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CLINICAL IMAGE
Year : 2018  |  Volume : 147  |  Issue : 3  |  Page : 321

An unusual cause of dysphagia in a child: Gastrointestinal manifestations of epidermolysis bullosa


Department of Paediatric Surgery, Lady Hardinge Medical College, Kalawati Saran Children's Hospital, New Delhi 110 001, India

Date of Submission18-May-2016
Date of Web Publication18-Jun-2018

Correspondence Address:
Archana Puri
Department of Paediatric Surgery, Lady Hardinge Medical College, Kalawati Saran Children's Hospital, New Delhi 110 001
India
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Source of Support: None, Conflict of Interest: None


DOI: 10.4103/ijmr.IJMR_793_16

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How to cite this article:
Prakash R, Puri A. An unusual cause of dysphagia in a child: Gastrointestinal manifestations of epidermolysis bullosa. Indian J Med Res 2018;147:321

How to cite this URL:
Prakash R, Puri A. An unusual cause of dysphagia in a child: Gastrointestinal manifestations of epidermolysis bullosa. Indian J Med Res [serial online] 2018 [cited 2019 Jul 18];147:321. Available from: http://www.ijmr.org.in/text.asp?2018/147/3/321/234614

†Patient's consent obtained to publish clinical information and images.


An 11 yr old child with histologically proven diagnosis of dystrophic epidermolysis bullosa (DEB) presented with progressively increasing dysphagia for solids for 2 years. There was no history of caustic ingestion or drug intake. He was malnourished and had generalised extensive cutaneous scarring, blistering, and erosions with haemorrhagic incrustation [Figure 1]A & [Figure 1]B, irregular dentition [Figure 1]C with enamel defects, microstomia and dystrophic nails. An oral contrast study showed a persistent concentric narrowing at the level of cricopharyngeus with delayed gastric emptying beyond eight hours, suggestive of esophageal and pyloric stenosis [Figure 2]A & [Figure 2]B. He was started on peripheral parenteral nutrition and a gentle esophageal dilatation was attempted during flexible endoscopy but of no avail. Gastrostomy with gastrojejunostomy was planned and the risk of restenosis at the anastomotic site was explained to the attendants; however, they took the child away against medical advice. Esophageal webs, stricture and hiatal hernia are the manifestations of upper gastrointestinal involvement in DEB. Treatment options for esophageal stenosis include endoscopic fluoroscopic-guided balloon dilatation, steroids, hyperalimentation and oesophageal replacement as a last resort. Although neonatal pyloric atresia and stenosis are reported to occur in junctional EB, gastric outlet obstruction in an older child, as reported here, is unusual.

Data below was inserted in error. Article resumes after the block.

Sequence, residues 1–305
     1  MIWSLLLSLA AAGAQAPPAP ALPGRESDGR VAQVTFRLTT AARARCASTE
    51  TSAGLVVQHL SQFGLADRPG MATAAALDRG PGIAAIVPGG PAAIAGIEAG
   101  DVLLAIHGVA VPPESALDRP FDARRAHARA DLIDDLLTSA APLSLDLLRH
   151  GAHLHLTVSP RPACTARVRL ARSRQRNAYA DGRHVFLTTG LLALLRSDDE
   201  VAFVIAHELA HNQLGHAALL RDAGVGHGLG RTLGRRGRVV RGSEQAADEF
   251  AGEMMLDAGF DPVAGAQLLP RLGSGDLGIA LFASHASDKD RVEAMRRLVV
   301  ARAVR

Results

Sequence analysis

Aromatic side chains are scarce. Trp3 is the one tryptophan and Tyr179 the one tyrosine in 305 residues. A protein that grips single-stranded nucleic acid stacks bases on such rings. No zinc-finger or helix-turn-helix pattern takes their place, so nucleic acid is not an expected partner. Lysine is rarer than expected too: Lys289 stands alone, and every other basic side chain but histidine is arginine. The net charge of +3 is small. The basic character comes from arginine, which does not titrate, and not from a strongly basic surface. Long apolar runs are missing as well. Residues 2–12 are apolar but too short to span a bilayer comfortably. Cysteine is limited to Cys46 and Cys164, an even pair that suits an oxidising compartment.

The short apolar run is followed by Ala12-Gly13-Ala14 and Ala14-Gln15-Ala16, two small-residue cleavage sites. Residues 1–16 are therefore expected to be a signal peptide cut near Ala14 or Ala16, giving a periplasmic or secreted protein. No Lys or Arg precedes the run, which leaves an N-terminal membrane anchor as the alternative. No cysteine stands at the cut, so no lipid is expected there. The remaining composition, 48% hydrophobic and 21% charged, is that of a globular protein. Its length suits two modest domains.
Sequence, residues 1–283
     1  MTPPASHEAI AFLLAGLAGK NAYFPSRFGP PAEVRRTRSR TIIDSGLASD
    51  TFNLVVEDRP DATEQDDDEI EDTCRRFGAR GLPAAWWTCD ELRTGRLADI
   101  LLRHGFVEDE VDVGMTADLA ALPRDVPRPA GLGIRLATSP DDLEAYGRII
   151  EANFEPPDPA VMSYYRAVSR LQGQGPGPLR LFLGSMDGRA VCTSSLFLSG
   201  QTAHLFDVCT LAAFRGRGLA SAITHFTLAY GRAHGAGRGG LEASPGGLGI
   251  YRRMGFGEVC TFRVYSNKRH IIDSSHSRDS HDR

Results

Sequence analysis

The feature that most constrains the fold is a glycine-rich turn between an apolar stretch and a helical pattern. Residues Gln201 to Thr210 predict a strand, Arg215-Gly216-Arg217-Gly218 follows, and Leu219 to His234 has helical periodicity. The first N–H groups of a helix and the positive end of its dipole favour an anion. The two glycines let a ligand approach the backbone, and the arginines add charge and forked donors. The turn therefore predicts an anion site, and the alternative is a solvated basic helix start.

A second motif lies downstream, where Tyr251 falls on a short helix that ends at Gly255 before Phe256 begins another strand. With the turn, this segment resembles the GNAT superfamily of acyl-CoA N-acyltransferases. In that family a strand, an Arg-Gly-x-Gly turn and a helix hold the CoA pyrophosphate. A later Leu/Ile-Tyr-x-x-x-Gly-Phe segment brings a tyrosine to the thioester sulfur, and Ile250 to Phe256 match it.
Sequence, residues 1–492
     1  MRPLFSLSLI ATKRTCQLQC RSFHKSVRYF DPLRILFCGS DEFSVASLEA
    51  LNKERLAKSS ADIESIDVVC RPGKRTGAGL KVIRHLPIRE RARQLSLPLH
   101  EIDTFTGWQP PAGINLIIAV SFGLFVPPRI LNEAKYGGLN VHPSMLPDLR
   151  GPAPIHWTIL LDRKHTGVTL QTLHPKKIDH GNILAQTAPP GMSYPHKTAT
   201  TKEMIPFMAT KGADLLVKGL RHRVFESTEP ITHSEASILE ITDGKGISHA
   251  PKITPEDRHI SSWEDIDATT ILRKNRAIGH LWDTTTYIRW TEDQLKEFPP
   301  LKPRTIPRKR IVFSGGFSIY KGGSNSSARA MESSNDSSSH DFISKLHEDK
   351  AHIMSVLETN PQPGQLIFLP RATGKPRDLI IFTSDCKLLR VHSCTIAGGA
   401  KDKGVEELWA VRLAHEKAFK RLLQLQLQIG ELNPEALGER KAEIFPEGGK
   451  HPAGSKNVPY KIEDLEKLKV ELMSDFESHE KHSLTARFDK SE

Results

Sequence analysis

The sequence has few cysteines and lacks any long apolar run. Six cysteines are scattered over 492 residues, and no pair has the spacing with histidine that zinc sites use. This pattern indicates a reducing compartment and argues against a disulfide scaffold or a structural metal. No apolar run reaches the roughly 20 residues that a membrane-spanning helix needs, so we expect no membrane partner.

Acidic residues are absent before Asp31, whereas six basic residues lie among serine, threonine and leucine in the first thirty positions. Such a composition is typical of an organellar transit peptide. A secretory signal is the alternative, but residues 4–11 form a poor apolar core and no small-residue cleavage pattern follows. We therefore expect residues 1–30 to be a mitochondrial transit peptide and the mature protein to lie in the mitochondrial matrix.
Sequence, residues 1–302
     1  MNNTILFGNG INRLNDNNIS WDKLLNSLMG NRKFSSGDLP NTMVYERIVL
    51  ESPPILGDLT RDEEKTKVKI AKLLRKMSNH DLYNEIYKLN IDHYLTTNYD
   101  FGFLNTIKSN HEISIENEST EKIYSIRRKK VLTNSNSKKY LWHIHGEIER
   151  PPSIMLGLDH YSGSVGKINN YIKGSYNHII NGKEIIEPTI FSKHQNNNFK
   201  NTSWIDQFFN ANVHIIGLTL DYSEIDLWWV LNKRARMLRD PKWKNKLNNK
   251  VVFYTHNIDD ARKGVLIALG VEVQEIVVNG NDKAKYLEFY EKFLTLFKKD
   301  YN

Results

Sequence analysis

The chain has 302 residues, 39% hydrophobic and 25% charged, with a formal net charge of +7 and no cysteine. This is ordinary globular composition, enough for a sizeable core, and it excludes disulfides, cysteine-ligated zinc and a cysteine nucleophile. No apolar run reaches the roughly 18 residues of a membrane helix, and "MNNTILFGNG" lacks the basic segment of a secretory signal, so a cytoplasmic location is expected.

Figure 1: (A) Photograph showing extensive generalized scarring with focal areas of hypopigmentation on abdomen (arrow). (B) Raw erosions, haemorrhagic encrustation and scarring in both legs (arrow). (C) Dental caries with enamel defect and irregular dentition with gingival oedema.

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Figure 2: (A) Oral contrast study showing persistent narrowing at cricopharyngeus (arrow). (B) Oral contrast study showing delayed gastric emptying at eight hours (arrow).

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Conflicts of Interest: None.




    Figures

  [Figure 1], [Figure 2]



 

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